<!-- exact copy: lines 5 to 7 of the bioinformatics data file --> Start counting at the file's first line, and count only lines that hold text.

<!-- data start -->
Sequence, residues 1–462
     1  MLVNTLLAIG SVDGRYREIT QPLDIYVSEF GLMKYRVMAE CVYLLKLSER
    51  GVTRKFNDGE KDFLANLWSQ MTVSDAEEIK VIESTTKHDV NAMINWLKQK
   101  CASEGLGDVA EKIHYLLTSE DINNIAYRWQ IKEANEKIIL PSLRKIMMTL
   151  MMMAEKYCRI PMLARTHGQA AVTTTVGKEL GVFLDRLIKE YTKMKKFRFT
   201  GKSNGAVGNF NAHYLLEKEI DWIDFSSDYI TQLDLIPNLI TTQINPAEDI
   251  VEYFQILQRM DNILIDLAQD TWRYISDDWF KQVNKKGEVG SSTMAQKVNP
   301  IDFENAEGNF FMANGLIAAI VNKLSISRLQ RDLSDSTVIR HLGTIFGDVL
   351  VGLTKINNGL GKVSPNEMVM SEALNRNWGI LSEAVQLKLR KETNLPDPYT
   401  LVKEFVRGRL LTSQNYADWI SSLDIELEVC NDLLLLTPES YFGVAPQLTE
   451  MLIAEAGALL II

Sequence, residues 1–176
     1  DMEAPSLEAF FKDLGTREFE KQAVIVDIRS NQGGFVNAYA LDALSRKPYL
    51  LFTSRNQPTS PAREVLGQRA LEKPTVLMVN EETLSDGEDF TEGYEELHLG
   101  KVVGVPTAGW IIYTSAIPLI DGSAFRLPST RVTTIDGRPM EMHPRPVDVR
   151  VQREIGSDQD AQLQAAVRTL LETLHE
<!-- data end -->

   151  MMMAEKYCRI PMLARTHGQA AVTTTVGKEL GVFLDRLIKE YTKMKKFRFT
   201  GKSNGAVGNF NAHYLLEKEI DWIDFSSDYI TQLDLIPNLI TTQINPAEDI
   251  VEYFQILQRM DNILIDLAQD TWRYISDDWF KQVNKKGEVG SSTMAQKVNP